Kenya: MSF volunteer caught in grenade attack loses leg

Almost two months after the attack in front of the Médecins Sans Frontières (MSF) compound in Mandera (northeast Kenya), two of the people that resulted wounded are still in hospital. One of the victims of the attack has recently had their lower right leg amputated.

On June 26, a Dutch Medical doctor working with MSF was seriously injured in a hand-grenade attack near the MSF compound in Mandera. Three Kenyan civilians were severely injured and one Kenyan national was killed in the same attack.

The MSF doctor, Jan Willem Vander Linde, aged 27, was evacuated to Utrecht, Holland, one week after the attack, in a stable but very serious condition. Following recent complications, doctors had to amputate his right leg below the knee.

Mandera was Vander Linde's first mission for MSF. He was working as a doctor in the nutritional programme that MSF was running and was about to start working in the Paediatric Ward of the District Hospital.

Another wounded, a Kenyan national, is in stable condition but still at the Nairobi General Hospital where doctors are trying to save his leg, which is in a very bad condition as a result of the explosion. The other two wounded, also Kenyan nationals, have been discharged from hospital. They still need medical attention, which is being paid by MSF.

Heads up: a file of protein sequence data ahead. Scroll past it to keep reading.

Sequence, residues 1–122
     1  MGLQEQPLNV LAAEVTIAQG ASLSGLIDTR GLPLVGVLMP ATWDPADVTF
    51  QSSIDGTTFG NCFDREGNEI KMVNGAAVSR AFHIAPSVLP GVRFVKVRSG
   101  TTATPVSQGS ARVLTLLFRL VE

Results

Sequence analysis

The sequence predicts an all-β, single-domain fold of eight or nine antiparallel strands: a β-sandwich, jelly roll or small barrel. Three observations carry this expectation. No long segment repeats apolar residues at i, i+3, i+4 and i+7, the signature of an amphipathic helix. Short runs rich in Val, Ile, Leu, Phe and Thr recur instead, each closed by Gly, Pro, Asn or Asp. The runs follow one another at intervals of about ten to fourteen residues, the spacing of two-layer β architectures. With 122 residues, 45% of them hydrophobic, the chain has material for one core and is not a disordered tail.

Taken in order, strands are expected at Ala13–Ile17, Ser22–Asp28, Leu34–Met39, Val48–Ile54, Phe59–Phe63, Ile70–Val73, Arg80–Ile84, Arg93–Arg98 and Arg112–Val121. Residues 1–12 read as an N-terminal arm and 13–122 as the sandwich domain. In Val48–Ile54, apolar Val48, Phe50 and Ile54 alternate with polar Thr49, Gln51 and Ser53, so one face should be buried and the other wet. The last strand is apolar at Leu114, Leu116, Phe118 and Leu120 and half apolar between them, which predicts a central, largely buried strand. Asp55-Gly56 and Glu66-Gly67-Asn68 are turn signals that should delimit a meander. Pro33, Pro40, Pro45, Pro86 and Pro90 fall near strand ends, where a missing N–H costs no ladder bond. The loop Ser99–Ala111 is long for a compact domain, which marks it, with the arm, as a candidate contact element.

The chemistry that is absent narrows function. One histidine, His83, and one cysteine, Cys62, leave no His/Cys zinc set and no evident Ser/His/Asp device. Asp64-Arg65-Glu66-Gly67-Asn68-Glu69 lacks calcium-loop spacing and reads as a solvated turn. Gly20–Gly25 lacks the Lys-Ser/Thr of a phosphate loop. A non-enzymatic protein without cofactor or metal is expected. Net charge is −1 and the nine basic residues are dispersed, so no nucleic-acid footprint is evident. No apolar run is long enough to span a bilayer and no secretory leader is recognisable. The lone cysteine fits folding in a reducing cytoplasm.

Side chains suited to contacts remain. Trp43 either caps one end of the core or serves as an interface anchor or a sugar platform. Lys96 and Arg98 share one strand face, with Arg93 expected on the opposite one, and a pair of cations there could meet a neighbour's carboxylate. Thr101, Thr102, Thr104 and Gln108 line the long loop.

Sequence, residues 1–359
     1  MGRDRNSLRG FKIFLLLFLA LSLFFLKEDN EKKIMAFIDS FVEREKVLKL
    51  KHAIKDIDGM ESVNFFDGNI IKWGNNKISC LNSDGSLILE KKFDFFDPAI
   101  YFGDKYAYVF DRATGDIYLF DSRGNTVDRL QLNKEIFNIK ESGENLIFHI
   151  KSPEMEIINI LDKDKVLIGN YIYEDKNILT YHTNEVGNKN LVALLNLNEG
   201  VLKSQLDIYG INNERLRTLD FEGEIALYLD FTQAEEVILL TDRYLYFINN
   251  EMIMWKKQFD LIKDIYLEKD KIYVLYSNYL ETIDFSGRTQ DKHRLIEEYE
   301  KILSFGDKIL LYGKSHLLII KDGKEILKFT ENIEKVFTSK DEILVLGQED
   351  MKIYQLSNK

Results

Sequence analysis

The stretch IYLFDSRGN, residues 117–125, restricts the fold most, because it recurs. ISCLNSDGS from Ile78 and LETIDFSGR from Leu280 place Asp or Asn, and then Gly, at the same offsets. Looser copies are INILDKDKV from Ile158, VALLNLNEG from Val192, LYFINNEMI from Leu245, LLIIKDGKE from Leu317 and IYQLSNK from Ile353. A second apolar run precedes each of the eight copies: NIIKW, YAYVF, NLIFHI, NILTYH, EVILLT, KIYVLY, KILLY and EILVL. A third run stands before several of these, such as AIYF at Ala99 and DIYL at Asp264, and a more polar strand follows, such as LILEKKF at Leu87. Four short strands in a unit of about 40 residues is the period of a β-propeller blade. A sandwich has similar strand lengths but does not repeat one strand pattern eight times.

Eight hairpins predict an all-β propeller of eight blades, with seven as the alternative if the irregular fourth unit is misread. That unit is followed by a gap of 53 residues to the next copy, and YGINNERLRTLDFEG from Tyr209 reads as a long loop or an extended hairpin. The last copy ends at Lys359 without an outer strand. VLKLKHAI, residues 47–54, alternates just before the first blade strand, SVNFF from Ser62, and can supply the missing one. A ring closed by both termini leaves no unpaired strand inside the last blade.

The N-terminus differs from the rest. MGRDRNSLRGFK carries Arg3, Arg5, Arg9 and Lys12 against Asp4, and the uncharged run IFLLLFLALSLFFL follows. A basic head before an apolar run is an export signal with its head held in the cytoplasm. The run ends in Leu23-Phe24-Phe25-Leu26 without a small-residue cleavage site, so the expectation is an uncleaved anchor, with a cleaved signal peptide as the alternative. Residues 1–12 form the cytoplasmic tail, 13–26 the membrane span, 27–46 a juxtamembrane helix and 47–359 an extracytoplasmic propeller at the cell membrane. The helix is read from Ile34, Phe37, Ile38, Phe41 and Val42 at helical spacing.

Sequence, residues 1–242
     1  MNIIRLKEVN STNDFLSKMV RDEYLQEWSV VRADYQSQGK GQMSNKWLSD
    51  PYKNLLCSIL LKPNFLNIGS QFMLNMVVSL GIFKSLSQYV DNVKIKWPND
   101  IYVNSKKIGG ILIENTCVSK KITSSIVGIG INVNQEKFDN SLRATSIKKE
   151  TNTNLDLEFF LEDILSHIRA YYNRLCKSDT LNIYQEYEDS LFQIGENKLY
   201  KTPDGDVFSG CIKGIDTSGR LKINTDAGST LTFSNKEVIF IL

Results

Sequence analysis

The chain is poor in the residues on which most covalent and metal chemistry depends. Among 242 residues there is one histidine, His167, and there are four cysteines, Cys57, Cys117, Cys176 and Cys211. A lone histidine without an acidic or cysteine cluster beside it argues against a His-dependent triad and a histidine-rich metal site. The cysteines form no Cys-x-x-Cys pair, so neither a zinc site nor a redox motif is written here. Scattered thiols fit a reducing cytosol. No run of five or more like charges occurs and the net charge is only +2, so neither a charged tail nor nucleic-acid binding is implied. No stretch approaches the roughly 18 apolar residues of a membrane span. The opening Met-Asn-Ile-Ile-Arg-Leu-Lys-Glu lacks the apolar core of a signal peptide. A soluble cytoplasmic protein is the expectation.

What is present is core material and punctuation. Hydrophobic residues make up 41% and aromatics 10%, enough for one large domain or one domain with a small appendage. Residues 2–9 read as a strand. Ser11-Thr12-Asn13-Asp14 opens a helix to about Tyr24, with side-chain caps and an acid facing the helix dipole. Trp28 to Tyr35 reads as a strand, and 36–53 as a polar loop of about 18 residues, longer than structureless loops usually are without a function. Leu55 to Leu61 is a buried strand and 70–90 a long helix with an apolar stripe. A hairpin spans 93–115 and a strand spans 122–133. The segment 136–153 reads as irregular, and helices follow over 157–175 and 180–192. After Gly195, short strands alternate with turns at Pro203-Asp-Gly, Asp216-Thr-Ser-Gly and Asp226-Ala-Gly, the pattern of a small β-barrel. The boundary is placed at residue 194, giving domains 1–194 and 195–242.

As a consequence of the attack, MSF decided to pull out of Mandera where it was operating a Therapeutic Feeding Centre in the District Hospital. MSF will not return to the city until there is a clearer understanding of the motives behind the attack and unless security in the area is guaranteed.

MSF was treating 38 patients in the Therapeutic Feeding Centre in Mandera before the attack and was about to start working in the Paediatric Ward of the District Hospital as the first part of a midterm program.The 38 patients were gradually discharged after completing their nutritional therapy.

MSF has been working in Mandera since 1992 in emergency responses.